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10 Minutes Peace

    by Susan McGrath

Falling Down
Date Posted: November 25, 2006

"London Bridge is falling down, falling down, falling down . . ." - we all know this children's song.

Could that fall have been prevented? Perhaps. Could the bridge be put back up? No. It had to be rebuilt. This probably elicited many moans and cries from the people as the King or Queen of the day (yes, it was rebuild several times) taxed the people to pay for it. The original London Bridge was not called by that name, as the city was under Roman rule and called Londinium. The first bridge was wooden and constructed in 46 A.D. It was repaired and replaced through the years, but after it was burned by King Ethelred in 1013 to divide invading Danish forces and then rebuilt and destroyed in a storm in 1091 and fire again in 1136, someone decided a stone bridge might be worth looking into. (Duh.)

The first stone bridge was completed in 1209 and was the site of shops, houses and even a chapel. The bridge hosted several battles and displayed heads of executed heroes from William Wallace to Thomas Cromwell. Sections of the bridge collapsed at various times (prompting the song, no doubt) and by the end of the 18th century the 600-year-old bridge was deemed a hazard. A new one was built in 1831 but it began to sink at one end about 70 years later and was replaced by a new bridge.

The old bridge was dismantled and in 1968 sold to an American entrepreneur and reconstructed in Lake Havasu, AZ. Leftover pieces of the granite were cut down and sold as souvenirs. My great-aunt bought one and it now takes up space in my house. Another side note: the new London Bridge, opened in 1973, had a close call when a British war ship collided with it in 1984. It did not fall down.

Why the history lesson? Perhaps to show that the London Bridge really did earn the right to be sung about even hundreds of years later "across the pond" because it fell over and over just as we do. When children fall down they often moan and cry, but eventually get back up again. I have one of each - a crier and a "duster-offer". My older son moans and carries on to rival the greatest stage actor of all time. (We're trying to find him an agent.) My younger son brushes off whatever part hit the ground and takes off at full speed as if nothing happened. He doesn't want or need my comfort.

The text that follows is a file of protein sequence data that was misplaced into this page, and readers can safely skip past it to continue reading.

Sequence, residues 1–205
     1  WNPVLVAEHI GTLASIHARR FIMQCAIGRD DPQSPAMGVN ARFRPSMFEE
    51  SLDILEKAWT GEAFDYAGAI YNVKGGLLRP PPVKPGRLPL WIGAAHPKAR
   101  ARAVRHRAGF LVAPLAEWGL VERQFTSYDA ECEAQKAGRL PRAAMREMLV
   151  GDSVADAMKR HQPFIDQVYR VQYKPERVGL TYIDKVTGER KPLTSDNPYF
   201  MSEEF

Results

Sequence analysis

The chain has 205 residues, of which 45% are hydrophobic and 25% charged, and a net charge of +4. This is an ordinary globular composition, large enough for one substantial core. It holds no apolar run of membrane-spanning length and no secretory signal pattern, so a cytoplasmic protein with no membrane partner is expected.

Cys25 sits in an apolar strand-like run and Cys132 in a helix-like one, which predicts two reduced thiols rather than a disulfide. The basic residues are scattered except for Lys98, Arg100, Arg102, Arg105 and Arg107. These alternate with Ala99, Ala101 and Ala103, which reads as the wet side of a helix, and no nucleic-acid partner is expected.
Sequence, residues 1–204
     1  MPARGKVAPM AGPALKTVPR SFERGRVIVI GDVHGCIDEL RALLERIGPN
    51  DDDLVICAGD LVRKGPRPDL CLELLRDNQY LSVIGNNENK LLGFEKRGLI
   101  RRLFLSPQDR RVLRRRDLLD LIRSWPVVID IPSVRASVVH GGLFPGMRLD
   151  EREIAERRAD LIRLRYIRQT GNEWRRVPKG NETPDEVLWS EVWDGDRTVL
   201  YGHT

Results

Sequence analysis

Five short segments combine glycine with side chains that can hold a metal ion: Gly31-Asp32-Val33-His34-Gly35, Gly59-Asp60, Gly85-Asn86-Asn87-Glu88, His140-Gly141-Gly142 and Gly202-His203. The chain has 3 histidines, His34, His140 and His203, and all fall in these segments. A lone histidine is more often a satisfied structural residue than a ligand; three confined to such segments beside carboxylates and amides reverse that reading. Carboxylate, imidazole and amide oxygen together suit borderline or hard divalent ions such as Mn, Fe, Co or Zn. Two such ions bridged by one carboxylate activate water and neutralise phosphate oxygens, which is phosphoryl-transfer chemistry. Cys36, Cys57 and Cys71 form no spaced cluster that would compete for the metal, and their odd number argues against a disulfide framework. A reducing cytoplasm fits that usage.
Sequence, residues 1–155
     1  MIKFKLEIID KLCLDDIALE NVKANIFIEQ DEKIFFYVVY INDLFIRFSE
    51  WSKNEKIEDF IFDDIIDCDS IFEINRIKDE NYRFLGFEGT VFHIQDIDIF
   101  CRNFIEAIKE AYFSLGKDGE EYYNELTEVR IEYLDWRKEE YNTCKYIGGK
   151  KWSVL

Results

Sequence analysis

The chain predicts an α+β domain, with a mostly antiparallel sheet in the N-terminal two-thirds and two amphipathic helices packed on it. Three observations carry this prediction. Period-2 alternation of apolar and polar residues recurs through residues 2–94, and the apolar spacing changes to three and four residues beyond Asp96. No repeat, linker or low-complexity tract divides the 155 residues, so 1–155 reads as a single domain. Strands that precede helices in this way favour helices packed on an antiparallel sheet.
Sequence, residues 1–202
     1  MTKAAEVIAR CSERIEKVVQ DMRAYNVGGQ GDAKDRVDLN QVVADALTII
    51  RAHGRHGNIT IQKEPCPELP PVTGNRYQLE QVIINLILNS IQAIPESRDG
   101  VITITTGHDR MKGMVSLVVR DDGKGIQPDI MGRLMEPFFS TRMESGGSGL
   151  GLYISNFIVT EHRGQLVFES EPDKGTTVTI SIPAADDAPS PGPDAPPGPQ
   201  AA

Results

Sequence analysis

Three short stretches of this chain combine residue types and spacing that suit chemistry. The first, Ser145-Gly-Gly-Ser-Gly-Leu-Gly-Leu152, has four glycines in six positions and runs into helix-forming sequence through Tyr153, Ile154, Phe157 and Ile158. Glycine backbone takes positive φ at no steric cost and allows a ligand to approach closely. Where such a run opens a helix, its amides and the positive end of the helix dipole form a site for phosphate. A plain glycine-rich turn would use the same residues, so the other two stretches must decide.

When I fall down into sin I need to display the qualities of both of my sons. I need to cry out my repentance and request forgiveness from God. Then I need to get right back up and keep running the race. If I lie around and wallow in my misery I won't get over it and I won't get on with it. But if I get up and run on too quickly I miss the chance to have a loving Father forgive my wrongs and help me to my feet to try again.

David fell into almost every sin trap imaginable, yet he always cried out to the Lord and allowed himself to be hauled up to his feet again. In David's own words: "though he stumble, he will not fall, for the Lord upholds him with his hand." - Psalm 37:24

Each time I fall I can remember how the bridge was rebuilt, time and again, and allow the Lord to reconstruct my life again and again.

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Biography Information:
Susan McGrath is:

a recovering journalist trying to encourage others and glorify God through writing;

living the small-town life with husband Tim and sons Lincoln, 12, and Sawyer, 6;

completing a few put-off writing projects while using chocolate for therapy.
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